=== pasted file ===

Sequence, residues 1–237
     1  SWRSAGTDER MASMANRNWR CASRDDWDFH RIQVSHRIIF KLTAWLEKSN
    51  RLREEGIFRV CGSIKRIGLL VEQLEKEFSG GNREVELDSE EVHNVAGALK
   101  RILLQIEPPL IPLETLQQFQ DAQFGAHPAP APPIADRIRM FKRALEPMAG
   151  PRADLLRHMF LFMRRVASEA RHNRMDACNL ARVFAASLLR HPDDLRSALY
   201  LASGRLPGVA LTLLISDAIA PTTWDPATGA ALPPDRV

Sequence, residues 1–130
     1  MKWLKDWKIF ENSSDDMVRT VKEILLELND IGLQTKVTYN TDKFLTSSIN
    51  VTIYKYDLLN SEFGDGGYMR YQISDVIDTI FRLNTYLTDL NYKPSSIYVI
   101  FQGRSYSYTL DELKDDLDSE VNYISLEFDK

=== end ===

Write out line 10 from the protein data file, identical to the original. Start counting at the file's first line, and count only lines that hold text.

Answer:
   101  FQGRSYSYTL DELKDDLDSE VNYISLEFDK